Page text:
Leap Motion Controller Review: Conclusion
The technology that Leap Motion has developed is intriguing. I wouldn’t say that it’s at the point where a Leap Motion Controller is going to replace your mouse, but it offers the most innovative new way to interact with a computer in years.
Some PC makers see it as a potential game changer. Hewlett-Packard (HPQ), for example, recently released the HP Envy 17 with built-in Leap Motion technology.
When it comes with interacting with a PC display with your arm in a horizontal position (something that I really don’t see the point of due to arm fatigue), the Leap Motion controller at least has the advantage of not smearing and smudging the display. And it is a little less tiresome to do it this way than interacting with Microsoft’s (MSFT) Windows 8 on a touchscreen-enabled PC.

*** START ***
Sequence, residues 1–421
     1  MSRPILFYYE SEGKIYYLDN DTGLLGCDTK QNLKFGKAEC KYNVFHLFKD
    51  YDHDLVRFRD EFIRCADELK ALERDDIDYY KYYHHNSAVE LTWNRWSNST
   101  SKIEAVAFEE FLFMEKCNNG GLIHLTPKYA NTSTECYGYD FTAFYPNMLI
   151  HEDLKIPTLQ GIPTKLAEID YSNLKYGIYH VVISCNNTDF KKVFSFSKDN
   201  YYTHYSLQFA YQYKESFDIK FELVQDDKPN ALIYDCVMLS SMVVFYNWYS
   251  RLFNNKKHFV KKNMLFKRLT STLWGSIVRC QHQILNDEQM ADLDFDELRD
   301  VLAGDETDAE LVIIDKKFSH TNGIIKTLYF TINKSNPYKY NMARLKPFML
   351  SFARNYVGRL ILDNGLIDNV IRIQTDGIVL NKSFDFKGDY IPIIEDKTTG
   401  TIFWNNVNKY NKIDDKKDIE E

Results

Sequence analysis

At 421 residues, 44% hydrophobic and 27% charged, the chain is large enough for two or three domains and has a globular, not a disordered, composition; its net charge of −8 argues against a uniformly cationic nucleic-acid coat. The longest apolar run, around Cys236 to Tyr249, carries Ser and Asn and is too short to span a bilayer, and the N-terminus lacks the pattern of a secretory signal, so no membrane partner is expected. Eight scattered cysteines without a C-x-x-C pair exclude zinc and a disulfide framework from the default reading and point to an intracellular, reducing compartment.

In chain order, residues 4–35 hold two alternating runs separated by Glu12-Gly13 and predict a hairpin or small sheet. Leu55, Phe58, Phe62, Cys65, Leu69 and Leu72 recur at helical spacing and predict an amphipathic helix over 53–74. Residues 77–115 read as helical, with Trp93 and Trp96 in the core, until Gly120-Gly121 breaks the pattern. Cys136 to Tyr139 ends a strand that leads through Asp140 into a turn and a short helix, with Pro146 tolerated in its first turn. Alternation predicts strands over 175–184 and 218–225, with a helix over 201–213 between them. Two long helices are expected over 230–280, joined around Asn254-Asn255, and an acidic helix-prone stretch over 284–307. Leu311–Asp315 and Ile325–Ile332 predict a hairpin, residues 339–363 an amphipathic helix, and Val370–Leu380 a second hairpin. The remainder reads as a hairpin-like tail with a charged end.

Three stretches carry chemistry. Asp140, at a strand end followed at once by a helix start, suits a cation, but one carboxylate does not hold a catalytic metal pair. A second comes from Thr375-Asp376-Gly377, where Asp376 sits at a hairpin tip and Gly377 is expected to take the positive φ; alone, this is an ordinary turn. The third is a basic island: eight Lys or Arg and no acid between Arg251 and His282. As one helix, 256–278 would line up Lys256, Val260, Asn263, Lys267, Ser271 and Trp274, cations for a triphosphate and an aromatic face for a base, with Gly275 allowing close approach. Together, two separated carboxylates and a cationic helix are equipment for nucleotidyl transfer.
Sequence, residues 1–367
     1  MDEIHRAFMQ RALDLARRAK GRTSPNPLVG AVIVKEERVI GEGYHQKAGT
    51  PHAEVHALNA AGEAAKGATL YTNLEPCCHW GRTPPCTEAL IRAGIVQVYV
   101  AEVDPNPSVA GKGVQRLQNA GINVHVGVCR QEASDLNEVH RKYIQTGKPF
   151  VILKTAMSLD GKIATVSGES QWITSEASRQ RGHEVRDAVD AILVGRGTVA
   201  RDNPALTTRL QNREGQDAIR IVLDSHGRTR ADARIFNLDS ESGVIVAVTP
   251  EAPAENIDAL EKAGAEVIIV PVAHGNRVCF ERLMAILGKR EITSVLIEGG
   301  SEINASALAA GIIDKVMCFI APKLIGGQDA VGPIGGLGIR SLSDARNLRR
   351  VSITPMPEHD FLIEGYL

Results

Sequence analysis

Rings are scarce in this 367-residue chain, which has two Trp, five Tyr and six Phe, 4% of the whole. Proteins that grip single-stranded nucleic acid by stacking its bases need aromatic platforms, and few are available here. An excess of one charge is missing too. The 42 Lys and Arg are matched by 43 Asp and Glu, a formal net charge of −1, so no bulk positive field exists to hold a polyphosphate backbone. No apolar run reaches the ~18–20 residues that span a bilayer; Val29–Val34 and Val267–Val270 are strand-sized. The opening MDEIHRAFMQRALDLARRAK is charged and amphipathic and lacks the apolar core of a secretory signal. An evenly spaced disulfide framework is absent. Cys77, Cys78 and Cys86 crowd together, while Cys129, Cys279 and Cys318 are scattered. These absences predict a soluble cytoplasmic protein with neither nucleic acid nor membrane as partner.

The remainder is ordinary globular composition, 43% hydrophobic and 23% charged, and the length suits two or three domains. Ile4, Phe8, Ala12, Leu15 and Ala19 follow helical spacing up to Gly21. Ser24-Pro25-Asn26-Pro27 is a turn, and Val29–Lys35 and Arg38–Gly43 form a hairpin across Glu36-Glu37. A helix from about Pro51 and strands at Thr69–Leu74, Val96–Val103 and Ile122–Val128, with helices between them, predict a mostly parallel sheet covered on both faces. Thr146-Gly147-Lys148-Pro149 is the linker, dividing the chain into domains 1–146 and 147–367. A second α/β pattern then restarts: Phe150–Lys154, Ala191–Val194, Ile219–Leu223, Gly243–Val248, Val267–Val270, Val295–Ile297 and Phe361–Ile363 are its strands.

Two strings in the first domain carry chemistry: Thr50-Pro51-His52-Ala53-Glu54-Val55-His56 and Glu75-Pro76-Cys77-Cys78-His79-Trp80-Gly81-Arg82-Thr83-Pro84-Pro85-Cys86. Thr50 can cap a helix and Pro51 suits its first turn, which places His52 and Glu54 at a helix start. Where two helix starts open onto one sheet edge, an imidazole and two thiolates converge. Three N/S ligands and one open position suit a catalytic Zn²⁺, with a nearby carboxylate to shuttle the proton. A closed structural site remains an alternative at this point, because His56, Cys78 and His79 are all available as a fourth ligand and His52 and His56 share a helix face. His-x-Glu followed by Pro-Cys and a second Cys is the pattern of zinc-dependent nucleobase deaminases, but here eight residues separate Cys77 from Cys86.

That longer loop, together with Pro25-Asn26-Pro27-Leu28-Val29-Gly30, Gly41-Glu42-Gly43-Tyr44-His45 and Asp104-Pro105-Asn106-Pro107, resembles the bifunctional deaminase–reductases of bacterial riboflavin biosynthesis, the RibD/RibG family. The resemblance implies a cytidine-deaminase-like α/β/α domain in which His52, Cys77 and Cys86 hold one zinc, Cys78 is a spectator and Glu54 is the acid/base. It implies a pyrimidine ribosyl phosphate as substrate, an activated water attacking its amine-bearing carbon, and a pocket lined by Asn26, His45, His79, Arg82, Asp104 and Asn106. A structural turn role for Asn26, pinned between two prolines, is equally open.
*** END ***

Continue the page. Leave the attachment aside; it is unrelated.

But because Leap Motion is so different from a typical PC controller that it needs its own apps to take full advantage of its capabilities, it ultimately faces a similar challenge: getting developers on board to release enough compelling apps to draw in consumers.
As I found during the course of my Leap Motion Controller review, the pickings are a little slim at the moment. Some users — like Elon Musk — may be able to take full advantage of what it can do today, but for the typical PC owner, Leap Motion will likely remain a toy or a demo rather than a productivity tool. However, at $80, the Leap Motion Controller is at least priced for the masses.
As of this writing, Brad Moon did not hold a position in any of the aforementioned securities.